How to lead a more interesting life through Street Photography… First Timer Primer

Things you hear when people are thinking about starting out in street photography…

“What book should I read or class should I do?”

“Where should I go?”

“What is the best camera / bag / lens / etc?”

“What do I do if someone approaches me after taking their photo?”

The most important response to these questions is relatively indirect.

Grab whatever camera you have, catch the train into the CBD or some other well populated area, and take some damn photos…

Roll 191 FP4 G2 35263

How Your Brain Delays Achievement.

So many people seem to wait for the right conditions to something interesting with their lives. How many times have you heard or thought these kinds of self delaying phrases :

“I’ll need to find the right gym / runners / clothes before I start exercising.”

“I have a great story but need to do my background research before I write that novel.”

“I love that pattern but I need to find the right colour yarn to knit it out of.”

“I really need a Leica M before to really get into street photography.”

Time passes, and that great story in your head never makes it to paper. People spend hours and hours researching cameras and lenses, and tracking Ebay auctions instead of taking and processing photos.

Being more conscious of the ways your brain can short circuit your path to a more interesting life is the first step to overcoming them.

For me, I had to make a conscious effort to limit the amount of time I spent on the internet salivating over gear and different film gear websites vs the amount of actual time spent with the shutter firing in my hands… A commitment to not spend more time in “camera culture” than actually creating images… Excluding true learning time, of course.

So, put away your computer (not until you finish reading this!), close the Game of Thrones season on your DVR, stop spending hours on playstation / xbox / whatever your time waster is and do something interesting…

Roll 181 LM7 hp5 21mm080

Fear of Looking Like a Beginner.

Overcoming your fear of looking like a dick is the second obstacle. There are so many things that people never start because they worry incessantly about how many different ways they might look silly learning a new skill.

When I learnt how to ice skate – I fell over a lot before I could impress girls at Ringwood Iceland with a fancy parallel skidding stop that sprayed ice particles everywhere.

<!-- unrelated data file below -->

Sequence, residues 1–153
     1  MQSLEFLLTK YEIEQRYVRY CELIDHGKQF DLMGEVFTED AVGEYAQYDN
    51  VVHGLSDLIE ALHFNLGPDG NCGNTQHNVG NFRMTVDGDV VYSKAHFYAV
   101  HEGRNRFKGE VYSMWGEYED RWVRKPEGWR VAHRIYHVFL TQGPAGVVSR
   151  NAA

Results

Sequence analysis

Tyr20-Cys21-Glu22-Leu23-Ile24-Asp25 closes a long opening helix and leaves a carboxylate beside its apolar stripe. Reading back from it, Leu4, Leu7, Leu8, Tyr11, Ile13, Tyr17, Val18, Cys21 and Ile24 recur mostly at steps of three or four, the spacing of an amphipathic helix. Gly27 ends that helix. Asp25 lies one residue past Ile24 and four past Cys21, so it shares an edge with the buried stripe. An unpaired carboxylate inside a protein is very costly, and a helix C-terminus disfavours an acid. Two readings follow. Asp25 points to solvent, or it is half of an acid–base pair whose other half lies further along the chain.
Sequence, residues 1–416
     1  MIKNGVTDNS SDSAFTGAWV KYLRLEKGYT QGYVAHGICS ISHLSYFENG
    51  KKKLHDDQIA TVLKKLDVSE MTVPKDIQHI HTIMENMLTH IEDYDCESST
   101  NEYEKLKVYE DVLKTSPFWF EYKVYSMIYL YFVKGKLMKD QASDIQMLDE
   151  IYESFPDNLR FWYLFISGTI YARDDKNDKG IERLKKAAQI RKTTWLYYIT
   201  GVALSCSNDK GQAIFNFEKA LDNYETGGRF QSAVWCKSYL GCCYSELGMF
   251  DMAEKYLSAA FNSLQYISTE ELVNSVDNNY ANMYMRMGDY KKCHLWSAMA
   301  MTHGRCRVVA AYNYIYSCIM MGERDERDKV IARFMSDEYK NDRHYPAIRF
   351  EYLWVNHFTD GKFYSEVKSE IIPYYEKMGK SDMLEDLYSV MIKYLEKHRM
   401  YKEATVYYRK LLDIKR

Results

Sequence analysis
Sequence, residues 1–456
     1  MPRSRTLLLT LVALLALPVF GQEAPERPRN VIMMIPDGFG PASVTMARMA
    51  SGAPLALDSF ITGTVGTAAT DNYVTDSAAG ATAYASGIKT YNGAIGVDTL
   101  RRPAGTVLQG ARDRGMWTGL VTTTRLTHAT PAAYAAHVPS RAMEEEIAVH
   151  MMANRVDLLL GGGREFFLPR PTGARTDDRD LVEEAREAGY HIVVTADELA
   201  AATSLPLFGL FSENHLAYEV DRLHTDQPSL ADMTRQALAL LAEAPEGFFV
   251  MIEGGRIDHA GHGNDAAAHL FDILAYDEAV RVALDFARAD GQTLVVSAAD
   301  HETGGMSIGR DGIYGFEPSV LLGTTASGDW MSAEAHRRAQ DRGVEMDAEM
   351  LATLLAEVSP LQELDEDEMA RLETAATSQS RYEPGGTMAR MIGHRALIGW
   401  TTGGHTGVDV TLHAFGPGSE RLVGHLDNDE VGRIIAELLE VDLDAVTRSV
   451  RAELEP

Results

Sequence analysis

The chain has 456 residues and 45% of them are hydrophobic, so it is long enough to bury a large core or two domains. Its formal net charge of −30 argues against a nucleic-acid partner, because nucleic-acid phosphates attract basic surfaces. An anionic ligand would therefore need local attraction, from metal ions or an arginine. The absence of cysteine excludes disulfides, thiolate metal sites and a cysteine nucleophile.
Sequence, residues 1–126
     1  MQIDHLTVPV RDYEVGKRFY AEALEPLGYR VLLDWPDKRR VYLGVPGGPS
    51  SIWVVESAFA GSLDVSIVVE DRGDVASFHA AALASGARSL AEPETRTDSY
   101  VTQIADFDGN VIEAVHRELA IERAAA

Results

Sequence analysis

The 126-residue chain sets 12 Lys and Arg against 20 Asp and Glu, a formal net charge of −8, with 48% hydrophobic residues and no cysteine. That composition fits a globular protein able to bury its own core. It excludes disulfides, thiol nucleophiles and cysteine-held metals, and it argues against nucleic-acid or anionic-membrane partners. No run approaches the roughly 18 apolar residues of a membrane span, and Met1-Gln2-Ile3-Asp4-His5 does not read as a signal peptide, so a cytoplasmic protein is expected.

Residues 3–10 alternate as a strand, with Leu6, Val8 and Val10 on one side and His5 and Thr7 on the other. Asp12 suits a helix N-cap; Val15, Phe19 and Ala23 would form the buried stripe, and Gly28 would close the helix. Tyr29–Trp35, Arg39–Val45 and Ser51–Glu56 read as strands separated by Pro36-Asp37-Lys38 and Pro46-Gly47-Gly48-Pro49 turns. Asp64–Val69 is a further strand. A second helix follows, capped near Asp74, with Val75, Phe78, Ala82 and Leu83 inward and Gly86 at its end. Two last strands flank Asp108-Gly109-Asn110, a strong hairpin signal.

Focus on how good it is going to feel when you have mastered the basics. If you persist with just about anything new, you will eventually reach a level of mastery you can be proud of.

But accept that you will be a beginner, and at some point, before you get good, you will realise just how bad you are… This is the turning point in most new skills. Becoming “consciously incompetent” is where you finally understand what it is going to take to master the new skill. It is the point at which you are able to truly engage in self-directed learning, because you “know what you don’t know”.

Accept the crappiness of your first images, knowing that the second batch will be slightly better.

Roll 184 LM7 hp5 21 lc29126

Consciously Learn.

The final step to learning a new skill is to consciously develop a learning plan. It doesn’t have to be anything super formal. Just make sure at the end of each shoot you curate your images, pick some favourites and think about why they work.

Look at other people’s street photos, find ones you like, and think about how they are composed and might have been taken.

Read widely on technique.

Roll 181 LM7 hp5 21mm079

Let’s Get Back to this being the First Time.

So, grab any camera, get into a busy urban spot, and start taking photos. Don’t sweat it too much. Try not to get too far into anyone’s face to start with. Keep moving – don’t plant in any particular spot too long. If you don’t get the shot first or second time, keep moving. Nobody will bother you if they have to catch up.

Take the most important lesson from most of the all time masters. Get out and shoot as much as you can. Every weekend, if you can.

Stop letting things get in the way.

The best camera is the camera you have in your bag.

Today is a great day to start.



2 Responses to “How to lead a more interesting life through Street Photography… First Timer Primer”

  1. I think all I can add is that I concur fully with this post lol. good advice!!!!!


  2. Great thoughts. Like John Lennon, ” life is something that happens while we’re busy making other plans”.


Leave a Reply

Fill in your details below or click an icon to log in: Logo

You are commenting using your account. Log Out /  Change )

Twitter picture

You are commenting using your Twitter account. Log Out /  Change )

Facebook photo

You are commenting using your Facebook account. Log Out /  Change )

Connecting to %s

%d bloggers like this: